Renewables will need further support to meet targets, says energy regulator

Renewable electricity is likely to require additional Government support if current environmental targets and wider environmental objectives are to be met says energy regulator, Ofgem.

The regulator has arrived at this view following the publication of two reviews of the first few months of England and Wales’ New Electricity Trading Arrangements (NETA). One of the reports specifically looks at the experiences of smaller generators, and comes hot on the heels of another report stating that, on current trends, the Government’s target for 10% of all electricity generation to come from renewable sources by 2010 will not be met until 2015. Ofgem has concluded that lower prices for green generators may require the Government to review whether its environmental targets can be met within the levels of subsidy now proposed, and that as NETA is rewarding reliable generation, additional Government support may be required if less predictable generation is to be encouraged for wider environmental reasons.

One of Ofgem’s reports, Report to the DTI on the Review of the Initial Impact of NETA on Smaller Generators, which includes renewable and Combined Heat and Power plants, found that output has fallen substantially, with lower prices, but also higher fuel costs – which have risen by 14% in the last year – being blamed. Other than wind power, the output of smaller generators does not appear to be significantly less predictable than for other generators, the report concluded. It also found that export prices achieved by smaller generators are 17% below those achieved last year under the former Pool system, with these reductions being somewhat smaller than for generation prices overall.

The other report, The New Electricity Trading Arrangements – A review of the first three months, which surveyed the experiences of more than 100 generators of all sizes, concludes that wholesale electricity prices are 20-25% below prices that would have been produced under the Pool system. It also found that market liquidity has been established with a threefold increase in the volume of trades, and a doubling of the number of contracts struck compared to this time last year, and that the daily costs of National Grid Company, which balances the system, have halved.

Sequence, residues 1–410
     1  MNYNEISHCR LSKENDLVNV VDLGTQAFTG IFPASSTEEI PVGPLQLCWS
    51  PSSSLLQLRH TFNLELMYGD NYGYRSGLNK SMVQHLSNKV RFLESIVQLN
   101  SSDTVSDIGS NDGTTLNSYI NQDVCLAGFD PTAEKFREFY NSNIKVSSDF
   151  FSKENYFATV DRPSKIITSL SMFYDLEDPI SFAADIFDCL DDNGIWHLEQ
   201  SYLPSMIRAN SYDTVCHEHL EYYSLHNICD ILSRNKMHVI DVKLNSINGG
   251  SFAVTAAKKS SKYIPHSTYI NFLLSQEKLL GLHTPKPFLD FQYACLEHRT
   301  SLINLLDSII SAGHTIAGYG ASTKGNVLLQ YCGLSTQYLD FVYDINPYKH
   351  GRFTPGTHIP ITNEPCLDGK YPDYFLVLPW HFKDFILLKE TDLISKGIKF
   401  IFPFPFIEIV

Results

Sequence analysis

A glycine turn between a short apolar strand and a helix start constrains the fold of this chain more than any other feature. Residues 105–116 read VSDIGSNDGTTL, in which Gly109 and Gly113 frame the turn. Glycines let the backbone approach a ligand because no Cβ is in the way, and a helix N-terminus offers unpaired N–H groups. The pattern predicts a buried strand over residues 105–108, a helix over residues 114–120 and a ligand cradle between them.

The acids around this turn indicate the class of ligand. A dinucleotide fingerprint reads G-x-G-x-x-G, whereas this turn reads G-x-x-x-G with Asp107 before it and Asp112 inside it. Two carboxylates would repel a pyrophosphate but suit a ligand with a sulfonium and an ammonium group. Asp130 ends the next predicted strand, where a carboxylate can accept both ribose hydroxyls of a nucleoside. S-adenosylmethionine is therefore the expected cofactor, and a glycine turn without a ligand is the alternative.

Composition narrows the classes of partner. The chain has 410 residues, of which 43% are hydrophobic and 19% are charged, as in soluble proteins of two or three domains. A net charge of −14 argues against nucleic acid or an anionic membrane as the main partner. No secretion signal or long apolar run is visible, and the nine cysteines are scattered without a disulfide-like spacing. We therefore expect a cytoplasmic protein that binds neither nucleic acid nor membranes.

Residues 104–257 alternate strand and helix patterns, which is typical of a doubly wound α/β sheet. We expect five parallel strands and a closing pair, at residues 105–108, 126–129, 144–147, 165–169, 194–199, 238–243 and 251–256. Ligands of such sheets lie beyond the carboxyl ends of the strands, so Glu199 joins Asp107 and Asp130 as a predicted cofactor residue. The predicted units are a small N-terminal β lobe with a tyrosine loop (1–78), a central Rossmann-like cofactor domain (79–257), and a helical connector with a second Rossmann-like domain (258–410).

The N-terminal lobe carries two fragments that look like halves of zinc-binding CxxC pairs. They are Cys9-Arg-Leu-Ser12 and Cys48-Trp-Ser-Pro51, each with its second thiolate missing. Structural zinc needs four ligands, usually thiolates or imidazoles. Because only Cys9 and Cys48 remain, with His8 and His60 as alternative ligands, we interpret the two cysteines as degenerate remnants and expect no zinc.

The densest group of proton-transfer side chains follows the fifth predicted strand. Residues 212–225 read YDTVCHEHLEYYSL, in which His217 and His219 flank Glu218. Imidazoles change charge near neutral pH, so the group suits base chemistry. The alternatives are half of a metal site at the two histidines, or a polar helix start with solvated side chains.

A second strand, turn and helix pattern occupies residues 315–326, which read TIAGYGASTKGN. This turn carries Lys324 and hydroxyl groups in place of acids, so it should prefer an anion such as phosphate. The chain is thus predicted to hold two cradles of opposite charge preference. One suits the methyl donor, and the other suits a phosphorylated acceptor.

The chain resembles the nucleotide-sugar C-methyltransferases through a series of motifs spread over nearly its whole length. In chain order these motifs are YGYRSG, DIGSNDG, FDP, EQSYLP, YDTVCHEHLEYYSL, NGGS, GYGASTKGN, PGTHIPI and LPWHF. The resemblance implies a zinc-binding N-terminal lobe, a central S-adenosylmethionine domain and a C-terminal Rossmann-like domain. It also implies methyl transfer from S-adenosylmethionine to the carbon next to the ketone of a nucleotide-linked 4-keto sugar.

Ofgem’s Chief Executive, Callum McCarthy, recognizes that the lower wholesale prices are making life harder for all generators. “With lower prices for all generators, including those producing ‘green energy’, there is a need for the Government to review whether its targets for renewables can be met within the levels of subsidy now proposed by the Government,” he said. “In particular, if, for wider environmental reasons the Government wishes to encourage forms of renewable generation whose output is less predictable or less reliable, there is a need for the Government to consider additional support for these types of generators”.

A spokesperson for the Government’s Department of Trade and Industry told ediethat as a result of the reports “the Government will now consult urgently on action necessary to address any adverse impacts of NETA on smaller generators.”

An Ofgem spokesperson told edie that the “additional support” suggested really meant extra subsidies.

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